(Bloomberg) -- Aspect Capital Ltd.’s computer-driven trading models are thriving from the uncertainty that has many human investors ripping up their big macro calls.

The $7.5 billion London-based hedge fund has seen a 21% year-to-date return in its flagship fund, thanks to bets on currency markets and commodities, according to its director of investment solutions Razvan Remsing. That beats the average 14% return for its trend-following peers and 3% for discretionary macro managers, based on Societe Generale SA’s indexes.

Unlike traditional funds that trade based on directional macroeconomic views, Aspect’s models are designed to follow the market. It’s a type of investing that has flourished this year, as the consensus on US interest-rate cuts coming into 2024 crumbles.

The fund is profiting from positioning for a stronger dollar, as markets veer toward Federal Reserve rates staying higher for longer. By contrast those sticking to their macro views have suffered, as traders slash bets on US rate cuts to just one or two in 2024, down from expectations for six early this year.

“Inflation rates go up like a rocket and down like a feather, so it’s not going to be a clear path forward for the major economies or central banks,” Remsing said in an interview. “The narrative has changed and that dispersion really does play out well in currency markets.”

Aspect Capital’s key positions include shorting the Japanese yen and the Swiss franc — two of the year’s worst-performing major currencies against a resurgent greenback. It’s also been shorting commodity currencies such as the Chilean peso, among the bottom of the pack in emerging markets this year. 

In commodities, it’s been steadily trimming a long position in cocoa — which has hit record highs — while adding exposure to gold and oil, both having gained on Middle East tensions.

The firm is shorting US Treasuries and longer-dated European sovereign bonds, though fixed income and equity exposure each only make up around 10% of its total risk contribution, given elevated rates volatility and the opportunities it sees on offer elsewhere.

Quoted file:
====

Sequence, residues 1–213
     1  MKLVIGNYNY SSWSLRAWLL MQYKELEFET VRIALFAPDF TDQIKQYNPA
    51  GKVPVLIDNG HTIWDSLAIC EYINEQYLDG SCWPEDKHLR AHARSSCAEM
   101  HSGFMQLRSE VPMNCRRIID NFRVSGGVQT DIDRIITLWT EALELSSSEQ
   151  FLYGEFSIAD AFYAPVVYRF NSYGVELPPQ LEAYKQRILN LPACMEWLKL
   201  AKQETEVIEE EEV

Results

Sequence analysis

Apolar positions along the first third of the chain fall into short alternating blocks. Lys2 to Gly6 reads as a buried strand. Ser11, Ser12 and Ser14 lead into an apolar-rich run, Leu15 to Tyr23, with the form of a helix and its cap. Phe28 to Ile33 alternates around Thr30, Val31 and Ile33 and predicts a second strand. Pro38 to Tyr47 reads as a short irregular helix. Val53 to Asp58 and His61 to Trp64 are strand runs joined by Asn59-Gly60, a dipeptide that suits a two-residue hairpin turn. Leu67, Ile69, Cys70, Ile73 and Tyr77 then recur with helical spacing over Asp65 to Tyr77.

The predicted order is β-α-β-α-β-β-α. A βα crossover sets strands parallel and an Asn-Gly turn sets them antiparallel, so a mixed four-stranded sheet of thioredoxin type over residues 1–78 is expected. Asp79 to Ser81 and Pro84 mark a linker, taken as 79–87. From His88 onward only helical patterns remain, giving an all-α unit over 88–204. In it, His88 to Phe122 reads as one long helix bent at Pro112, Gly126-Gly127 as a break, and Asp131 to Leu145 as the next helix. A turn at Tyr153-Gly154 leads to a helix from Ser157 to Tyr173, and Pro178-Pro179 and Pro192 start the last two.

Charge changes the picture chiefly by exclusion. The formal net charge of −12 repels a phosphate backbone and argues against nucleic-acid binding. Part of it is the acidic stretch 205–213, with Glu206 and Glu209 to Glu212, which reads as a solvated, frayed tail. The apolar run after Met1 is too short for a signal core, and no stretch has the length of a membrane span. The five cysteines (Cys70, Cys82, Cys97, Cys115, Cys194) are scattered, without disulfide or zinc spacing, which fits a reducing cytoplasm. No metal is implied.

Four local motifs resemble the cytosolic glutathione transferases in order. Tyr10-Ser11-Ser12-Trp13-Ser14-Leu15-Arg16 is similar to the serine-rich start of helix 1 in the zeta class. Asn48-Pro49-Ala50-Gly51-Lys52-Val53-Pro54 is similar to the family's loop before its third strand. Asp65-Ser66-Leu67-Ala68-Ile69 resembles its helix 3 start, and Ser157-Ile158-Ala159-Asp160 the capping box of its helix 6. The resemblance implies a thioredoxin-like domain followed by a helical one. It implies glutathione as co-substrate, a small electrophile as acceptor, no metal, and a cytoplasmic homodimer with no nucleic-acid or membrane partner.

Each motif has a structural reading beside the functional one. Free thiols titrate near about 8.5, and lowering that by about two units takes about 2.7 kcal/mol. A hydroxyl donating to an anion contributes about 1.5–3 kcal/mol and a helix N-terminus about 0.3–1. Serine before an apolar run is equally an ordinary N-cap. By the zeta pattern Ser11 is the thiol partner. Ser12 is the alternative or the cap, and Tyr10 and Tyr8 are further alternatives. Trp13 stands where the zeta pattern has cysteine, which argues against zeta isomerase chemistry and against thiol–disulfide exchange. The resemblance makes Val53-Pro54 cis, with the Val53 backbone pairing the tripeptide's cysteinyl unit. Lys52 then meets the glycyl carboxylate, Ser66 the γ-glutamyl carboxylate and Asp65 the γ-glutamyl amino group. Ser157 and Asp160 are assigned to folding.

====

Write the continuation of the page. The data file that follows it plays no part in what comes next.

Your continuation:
“Suddenly I’m looking at my portfolio and we are performing really well,” Remsing said. “The majority of our returns are from the dispersion in currencies and commodities.” 

Read more: Trend-Chasing Quants Roar Back on Wall Street as Gains Reach 45%

The recent performance marks a sharp turnaround from Aspect’s 1.4% loss last year. That was in line with other trend-following funds, which Societe Generale’s figures showed fell 4.2% on average.

Instead it’s a return toward the 40.5% profit made in 2022, one of its best years since the company was founded in 1997. The firm now employs over 130 people in London, the majority dedicated to building the trading models.

Its positioning means it has been able to skirt the heavy losses that bruised many in the market betting on a weaker dollar and a bond rally. Late last year, investors were piling into fixed income assets on expectations the Fed and other major central banks would all slash interest rates this year.

“We no longer have this coordinated global policy, which was really a result of the plumbing of the financial markets being clogged following the Global Financial Crisis,” said Remsing. “Now it’s uncertain everywhere, and against that backdrop our strategies being unfitted and reactive as opposed to predictive, we’ve got plenty of breadth to harvest.”

(Updates with industry performance details.)

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